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County Lines and Cuckooing

Alert message sent 18/05/2021 13:35:00

Information sent on behalf of Surrey Police

Cuckooing  is when a drug dealer befriends a vulnerable person, taking over their home and turning it into a drugs den.  Your home is supposed to be a safe space and a refuge. But for victims of cuckooing, their home is no longer their own, but a place of danger and exploitation.
We need members of the community to look out for their neighbours. Those at most risk of exploitation include older people, vulnerable adults, drug users, or those living on low income.

Signs to look out for:
- Lots of visitors, who don’t stay very long, arriving at all times of the day and night
- People waiting in cars outside particular properties, exchanging small packets or cash
- Lots of visitors bringing items such as TVs or bikes but leaving empty-handed
- Lone/vulnerable neighbours suddenly having groups of people living at their address
- Possible increase in anti-social behaviour, littering and drug use

If you suspect this is happening in your street, please report it so we can investigate and take action, https://www.surrey.police.uk/ro/report/ocr/af/how-to-report-a-crime/

If you heard someone say they were ‘going country’ or ‘running a line’, would you know what they meant?

These are phrases used to describe ‘county lines’, a name for the process of transporting and supplying illegal drugs across the country. Dedicated mobile phone lines, or ‘deal lines’, are used to receive orders and despatch young people to deliver drugs on behalf of dealers. The phones are usually cheap, disposable and old-fashioned, and are changed regularly to avoid police detection.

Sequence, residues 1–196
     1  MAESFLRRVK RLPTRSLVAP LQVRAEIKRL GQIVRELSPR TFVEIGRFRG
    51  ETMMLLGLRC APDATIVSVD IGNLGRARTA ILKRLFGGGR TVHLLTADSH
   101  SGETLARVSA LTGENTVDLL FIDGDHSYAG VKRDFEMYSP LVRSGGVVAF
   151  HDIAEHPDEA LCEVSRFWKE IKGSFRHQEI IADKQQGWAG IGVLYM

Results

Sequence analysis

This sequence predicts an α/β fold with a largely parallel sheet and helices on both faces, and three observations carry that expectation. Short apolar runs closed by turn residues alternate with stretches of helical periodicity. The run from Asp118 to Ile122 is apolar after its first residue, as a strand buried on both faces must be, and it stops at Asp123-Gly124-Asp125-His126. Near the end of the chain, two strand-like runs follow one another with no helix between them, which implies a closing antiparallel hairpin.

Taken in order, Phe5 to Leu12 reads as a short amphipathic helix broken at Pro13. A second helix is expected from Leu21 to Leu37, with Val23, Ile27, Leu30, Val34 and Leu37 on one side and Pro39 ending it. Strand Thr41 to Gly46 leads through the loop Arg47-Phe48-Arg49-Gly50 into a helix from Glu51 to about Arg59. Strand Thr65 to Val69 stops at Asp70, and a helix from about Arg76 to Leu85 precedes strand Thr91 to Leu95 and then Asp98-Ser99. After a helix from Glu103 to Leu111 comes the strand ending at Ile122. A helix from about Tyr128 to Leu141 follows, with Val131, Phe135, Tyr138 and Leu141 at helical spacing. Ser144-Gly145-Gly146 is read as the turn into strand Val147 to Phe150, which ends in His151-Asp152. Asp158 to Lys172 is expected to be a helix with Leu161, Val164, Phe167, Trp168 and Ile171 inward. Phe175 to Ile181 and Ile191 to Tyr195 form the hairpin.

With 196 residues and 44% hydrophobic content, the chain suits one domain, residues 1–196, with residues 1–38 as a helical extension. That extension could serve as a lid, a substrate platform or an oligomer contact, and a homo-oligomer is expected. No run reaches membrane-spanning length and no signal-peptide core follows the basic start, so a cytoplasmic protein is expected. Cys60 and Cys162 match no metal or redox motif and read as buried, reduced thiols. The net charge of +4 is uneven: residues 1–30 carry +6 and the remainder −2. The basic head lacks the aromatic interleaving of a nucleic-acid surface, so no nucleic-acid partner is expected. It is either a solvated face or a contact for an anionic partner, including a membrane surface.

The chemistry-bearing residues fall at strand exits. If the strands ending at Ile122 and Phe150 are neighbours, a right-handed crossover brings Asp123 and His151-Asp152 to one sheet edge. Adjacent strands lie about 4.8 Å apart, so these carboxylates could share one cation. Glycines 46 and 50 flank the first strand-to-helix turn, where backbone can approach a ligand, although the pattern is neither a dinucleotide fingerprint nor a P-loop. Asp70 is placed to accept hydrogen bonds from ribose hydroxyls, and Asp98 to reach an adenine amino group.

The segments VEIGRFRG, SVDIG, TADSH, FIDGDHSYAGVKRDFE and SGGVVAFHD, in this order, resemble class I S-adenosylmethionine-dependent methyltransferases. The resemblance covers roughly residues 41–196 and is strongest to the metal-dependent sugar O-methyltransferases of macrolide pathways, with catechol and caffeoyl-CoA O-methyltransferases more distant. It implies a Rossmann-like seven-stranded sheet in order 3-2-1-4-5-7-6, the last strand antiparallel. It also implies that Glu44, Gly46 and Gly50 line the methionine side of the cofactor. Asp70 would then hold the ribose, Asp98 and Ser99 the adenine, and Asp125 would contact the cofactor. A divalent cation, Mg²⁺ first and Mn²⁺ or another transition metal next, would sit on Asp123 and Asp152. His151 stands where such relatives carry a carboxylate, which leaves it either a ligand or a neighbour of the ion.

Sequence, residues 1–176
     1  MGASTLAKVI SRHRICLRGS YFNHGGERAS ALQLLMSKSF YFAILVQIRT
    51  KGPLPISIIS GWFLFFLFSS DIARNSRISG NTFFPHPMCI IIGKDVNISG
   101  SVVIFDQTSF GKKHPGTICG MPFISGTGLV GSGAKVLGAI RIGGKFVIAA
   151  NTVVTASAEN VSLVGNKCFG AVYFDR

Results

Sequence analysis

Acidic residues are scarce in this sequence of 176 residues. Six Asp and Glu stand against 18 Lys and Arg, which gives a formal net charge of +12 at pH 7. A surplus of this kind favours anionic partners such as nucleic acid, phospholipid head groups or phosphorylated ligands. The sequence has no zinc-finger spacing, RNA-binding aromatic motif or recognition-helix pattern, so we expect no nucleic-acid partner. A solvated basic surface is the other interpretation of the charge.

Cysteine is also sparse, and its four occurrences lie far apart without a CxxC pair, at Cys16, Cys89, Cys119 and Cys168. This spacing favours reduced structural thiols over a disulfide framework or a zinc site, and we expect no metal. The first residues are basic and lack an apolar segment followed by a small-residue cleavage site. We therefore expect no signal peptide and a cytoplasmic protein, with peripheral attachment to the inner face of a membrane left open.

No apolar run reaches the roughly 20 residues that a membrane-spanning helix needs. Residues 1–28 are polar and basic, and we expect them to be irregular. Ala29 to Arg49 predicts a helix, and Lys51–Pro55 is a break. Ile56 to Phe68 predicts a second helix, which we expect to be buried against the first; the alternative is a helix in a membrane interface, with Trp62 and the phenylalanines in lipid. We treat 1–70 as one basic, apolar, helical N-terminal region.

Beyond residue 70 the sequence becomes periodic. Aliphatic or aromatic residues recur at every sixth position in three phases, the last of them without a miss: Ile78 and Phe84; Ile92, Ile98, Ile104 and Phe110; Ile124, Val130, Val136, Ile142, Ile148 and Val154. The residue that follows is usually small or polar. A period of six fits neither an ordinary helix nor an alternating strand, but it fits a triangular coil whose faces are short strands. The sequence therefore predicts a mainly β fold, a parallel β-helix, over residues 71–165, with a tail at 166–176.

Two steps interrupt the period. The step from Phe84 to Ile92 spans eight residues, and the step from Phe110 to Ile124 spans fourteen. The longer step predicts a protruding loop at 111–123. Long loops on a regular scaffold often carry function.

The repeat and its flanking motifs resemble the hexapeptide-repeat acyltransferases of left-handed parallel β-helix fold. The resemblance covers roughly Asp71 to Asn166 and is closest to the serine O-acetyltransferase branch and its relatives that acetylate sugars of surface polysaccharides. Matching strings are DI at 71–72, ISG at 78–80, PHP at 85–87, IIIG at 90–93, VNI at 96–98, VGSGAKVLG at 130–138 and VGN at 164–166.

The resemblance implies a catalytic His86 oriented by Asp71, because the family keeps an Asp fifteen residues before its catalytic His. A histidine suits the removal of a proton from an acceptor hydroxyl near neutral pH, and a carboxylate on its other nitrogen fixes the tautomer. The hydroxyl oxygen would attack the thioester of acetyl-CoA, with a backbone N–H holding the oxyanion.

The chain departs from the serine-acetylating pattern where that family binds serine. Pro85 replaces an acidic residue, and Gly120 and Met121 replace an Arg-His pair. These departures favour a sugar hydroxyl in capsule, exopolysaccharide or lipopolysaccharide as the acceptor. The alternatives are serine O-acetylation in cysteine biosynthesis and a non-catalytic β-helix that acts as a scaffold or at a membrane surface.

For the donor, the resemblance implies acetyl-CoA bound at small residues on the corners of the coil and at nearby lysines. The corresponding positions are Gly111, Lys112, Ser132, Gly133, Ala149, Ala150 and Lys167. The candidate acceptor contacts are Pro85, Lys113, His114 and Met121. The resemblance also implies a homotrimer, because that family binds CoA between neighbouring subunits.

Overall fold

Offenders use young people, the vulnerable and the desperate to deliver drugs on their behalf so they can distance themselves from the criminal act of physically dealing. Young people do the majority of work and run the greatest risk of arrest or injury. They are often sent from urban areas into coastal or rural areas, travelling far from home and putting themselves in danger.

The gangs are highly organised criminal networks. Once someone is trapped working for them, they may be exploited in multiple ways, such as sexual exploitation and human trafficking. The lines are valuable commodities to dealers, and are protected with extreme violence and intimidation. There is a strong link between county lines and serious violence such as knife and gun crime, and even the homicide rates. County lines has a devastating impact on both the community and those who are trapped within its cycle.

If you believe you’ve seen signs of drug dealing in your community, please report it.  If you’d rather not speak to police, you can call the independent charity Crimestoppers on 0800 555 111 and stay anonymous. They will never ask for your name or trace your call.

In an emergency, always call 999.

Message sent by
Carolyn Anstey (Surrey Police, Office Manager, Runnymede)

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